Janet Yellen Testimony: Key Takeaways as Fed Stays the Course

What stands out most from the Janet Yellen testimony Thursday to the Senate Banking Committee is that her remarks mirrored comments made on Feb. 11 in her first monetary policy testimony to a House panel.

janet yellen testimony to congress

Speaking on Capitol Hill about the Semiannual Monetary Report, Yellen repeated that the central bank is likely to maintain its approach of progressively trimming asset purchases. The taper will continue even as policy makers monitor data to determine if the recent spate of soft economy data is temporary or something more serious.

In prepared remarks, the new central bank chair said the Fed "will likely reduce the pace of asset purchases in further measured steps at future meetings."

When pressed on the subject of the Fed's willingness to alter its course, Yellen did say the bond purchases "are not on a preset course."

"If there's a significant change in the outlook," Yellen said, "certainly we would be open to reconsider" the strategy.

Talking off-script, Yellen noted that harsh winter weather is likely the culprit behind some recent reports that hint of weakness in the U.S. economic recovery. Since her Humphrey Hawkins House testimony on Feb. 11, lackluster data from the retail, manufacturing, and home construction sectors all suggest the economy is slowing.

"A number of data releases have pointed to softer spending than many analysts had expected," Yellen said. "Part of that softness may reflect adverse weather conditions. But at this point it is difficult to discern exactly how much."

Weather was the reason why Thursday's testimony was delayed two weeks. Originally scheduled for Feb. 13, a snowstorm caused the postponement and unusual two-week gap between her appearances before the two committees that oversee the U.S. central bank.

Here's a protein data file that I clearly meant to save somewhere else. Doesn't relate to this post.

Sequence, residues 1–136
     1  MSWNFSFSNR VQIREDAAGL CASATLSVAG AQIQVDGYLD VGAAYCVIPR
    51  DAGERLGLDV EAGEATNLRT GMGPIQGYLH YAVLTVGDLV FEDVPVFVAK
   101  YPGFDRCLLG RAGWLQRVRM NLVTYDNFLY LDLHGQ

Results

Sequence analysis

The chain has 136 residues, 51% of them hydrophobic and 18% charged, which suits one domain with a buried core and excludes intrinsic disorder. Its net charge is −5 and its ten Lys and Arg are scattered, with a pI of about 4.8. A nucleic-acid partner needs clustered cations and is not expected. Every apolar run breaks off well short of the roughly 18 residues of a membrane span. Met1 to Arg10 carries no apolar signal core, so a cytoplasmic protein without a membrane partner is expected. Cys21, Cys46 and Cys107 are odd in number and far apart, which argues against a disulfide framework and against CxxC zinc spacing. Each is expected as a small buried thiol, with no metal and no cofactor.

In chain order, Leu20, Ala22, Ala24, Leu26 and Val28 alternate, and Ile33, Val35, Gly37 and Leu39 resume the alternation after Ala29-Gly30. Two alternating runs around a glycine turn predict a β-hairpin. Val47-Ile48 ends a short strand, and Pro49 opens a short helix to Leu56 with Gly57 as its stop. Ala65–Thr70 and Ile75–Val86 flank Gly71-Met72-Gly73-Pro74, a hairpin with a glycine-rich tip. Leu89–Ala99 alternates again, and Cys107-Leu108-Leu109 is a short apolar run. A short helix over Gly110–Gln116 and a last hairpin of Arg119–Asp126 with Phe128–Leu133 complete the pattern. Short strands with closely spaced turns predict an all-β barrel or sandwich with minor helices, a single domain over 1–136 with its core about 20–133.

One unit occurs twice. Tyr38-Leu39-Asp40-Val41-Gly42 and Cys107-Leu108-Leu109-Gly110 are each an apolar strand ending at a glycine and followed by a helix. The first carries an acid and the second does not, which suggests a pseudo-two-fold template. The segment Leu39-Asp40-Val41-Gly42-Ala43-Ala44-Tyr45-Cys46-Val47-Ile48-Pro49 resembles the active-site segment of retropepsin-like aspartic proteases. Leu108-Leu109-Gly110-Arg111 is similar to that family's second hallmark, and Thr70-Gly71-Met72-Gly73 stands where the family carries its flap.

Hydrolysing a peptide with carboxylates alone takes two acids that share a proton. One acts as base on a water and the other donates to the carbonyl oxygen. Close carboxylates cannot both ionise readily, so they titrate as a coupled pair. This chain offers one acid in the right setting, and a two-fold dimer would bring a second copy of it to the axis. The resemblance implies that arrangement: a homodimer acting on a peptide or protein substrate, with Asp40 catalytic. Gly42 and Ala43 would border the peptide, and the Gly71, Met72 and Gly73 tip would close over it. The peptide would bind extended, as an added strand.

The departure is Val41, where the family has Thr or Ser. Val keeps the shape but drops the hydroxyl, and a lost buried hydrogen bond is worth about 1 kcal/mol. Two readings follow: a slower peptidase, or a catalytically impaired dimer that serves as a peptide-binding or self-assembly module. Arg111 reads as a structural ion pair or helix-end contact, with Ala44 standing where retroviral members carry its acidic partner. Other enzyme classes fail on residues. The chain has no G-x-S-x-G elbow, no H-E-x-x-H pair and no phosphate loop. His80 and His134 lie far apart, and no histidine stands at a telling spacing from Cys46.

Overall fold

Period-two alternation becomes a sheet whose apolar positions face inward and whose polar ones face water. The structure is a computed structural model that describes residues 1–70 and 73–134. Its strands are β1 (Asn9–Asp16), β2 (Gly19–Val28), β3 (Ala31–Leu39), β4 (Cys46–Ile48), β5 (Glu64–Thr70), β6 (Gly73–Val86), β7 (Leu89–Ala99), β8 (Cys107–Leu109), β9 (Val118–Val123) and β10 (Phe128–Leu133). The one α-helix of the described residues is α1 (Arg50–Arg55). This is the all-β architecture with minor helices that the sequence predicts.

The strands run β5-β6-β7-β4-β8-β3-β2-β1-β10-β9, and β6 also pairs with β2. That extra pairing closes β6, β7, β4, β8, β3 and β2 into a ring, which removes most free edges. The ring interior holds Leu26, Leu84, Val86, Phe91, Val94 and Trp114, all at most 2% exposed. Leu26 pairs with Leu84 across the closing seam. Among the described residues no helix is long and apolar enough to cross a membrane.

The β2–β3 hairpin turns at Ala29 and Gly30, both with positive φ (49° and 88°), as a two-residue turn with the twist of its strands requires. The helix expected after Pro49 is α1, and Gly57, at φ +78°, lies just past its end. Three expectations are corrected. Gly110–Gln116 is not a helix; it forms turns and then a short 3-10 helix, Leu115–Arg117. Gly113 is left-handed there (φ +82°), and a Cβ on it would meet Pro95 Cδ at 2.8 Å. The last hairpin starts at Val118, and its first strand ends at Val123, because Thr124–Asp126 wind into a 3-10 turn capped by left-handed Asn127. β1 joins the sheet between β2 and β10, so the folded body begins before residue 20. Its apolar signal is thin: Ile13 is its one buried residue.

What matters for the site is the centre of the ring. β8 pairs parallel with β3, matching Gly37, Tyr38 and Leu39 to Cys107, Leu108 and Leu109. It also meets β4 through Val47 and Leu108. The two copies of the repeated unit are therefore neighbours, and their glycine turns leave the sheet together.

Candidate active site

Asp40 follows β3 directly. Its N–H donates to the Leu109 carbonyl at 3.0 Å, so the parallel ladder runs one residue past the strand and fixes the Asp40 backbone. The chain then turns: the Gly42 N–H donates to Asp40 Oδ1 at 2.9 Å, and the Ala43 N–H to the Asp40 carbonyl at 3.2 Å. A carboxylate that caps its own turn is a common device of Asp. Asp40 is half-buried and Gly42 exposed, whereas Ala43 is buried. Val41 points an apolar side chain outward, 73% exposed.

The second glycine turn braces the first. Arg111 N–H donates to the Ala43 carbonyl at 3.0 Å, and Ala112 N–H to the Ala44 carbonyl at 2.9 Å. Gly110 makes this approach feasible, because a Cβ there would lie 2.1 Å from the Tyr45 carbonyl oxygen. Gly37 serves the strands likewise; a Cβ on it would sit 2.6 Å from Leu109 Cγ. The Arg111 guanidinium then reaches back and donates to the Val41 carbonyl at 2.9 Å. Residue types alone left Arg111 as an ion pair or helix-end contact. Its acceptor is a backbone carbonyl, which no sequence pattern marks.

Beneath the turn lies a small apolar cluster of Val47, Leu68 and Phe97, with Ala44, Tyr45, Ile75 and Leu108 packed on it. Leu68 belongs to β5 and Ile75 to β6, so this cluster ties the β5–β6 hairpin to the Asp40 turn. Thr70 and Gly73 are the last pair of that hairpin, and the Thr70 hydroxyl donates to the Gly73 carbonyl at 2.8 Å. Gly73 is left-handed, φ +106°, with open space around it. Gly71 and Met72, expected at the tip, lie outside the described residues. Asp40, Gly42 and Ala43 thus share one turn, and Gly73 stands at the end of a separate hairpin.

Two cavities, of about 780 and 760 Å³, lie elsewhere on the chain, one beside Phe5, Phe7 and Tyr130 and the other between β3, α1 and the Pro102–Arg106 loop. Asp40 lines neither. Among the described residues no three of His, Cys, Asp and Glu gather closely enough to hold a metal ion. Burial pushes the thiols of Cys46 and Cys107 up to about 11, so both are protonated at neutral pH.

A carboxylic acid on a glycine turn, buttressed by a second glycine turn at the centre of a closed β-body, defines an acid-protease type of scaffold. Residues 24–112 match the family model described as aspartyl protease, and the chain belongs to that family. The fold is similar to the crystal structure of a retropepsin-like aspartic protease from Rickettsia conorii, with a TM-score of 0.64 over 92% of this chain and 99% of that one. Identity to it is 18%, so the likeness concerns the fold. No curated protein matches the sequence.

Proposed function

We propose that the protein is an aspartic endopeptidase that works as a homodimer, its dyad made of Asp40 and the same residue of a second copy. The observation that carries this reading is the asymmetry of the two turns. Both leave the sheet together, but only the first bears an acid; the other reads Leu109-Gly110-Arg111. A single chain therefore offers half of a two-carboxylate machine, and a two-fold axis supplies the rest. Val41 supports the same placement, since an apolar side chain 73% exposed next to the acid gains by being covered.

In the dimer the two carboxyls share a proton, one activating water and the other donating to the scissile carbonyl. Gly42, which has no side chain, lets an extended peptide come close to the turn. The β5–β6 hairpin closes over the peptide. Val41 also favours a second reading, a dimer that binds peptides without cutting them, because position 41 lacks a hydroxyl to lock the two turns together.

Following are highlights from Yellen's semiannual report on the economy.

5 Key Takeaways from Today's Janet Yellen Testimony

  • Yellen reiterated the Fed's promise to keep the benchmark interest rate at record low levels as long as unemployment stays above 6.5% and the outlook for inflation doesn't exceed 2.5%.
  • Cutting the interest rate (presently at 0.25%) the Fed pays banks on reserve at the central bank isn't likely to ignite lending. "Lowering that rate... would have very limited effect on lending," Yellen commented. She added it could disrupt money market activities.
  • Noting the recovery in the labor market is "far from complete," Yellen said "the unemployment rate is not a sufficient statistic for the state of the labor market. There is no hard and fast rule about what unemployment rate constitutes full employment, and we will need to consider a broad range of indicators."
  • The Fed Chair is wary about the end of too-big-to-fail. "We might not know for sure if it's ended until the next crisis," Yellen said.
  • Yellen said the Fed doesn't have a position in regulating Bitcoin. However, she does back Congress probing the workings of the crypto-currency. "It's not so easy to regulate Bitcoin," Yellen acknowledged.

Market Reaction to Yellen

In striking a familiar tone and "doing no harm," markets moved higher following Yellen's testimony.

After little movement in the morning session, stocks moved solidly higher midday.

Just before 2 p.m., the Dow Jones Industrial Average jumped 63.87 points, or 0.39%, to 16,262.28. The S&P 500 added 9.7 points, or 0.49%, at 1,854.23. The Nasdaq gained 29.16, or 0.68%, to 4,321.22.

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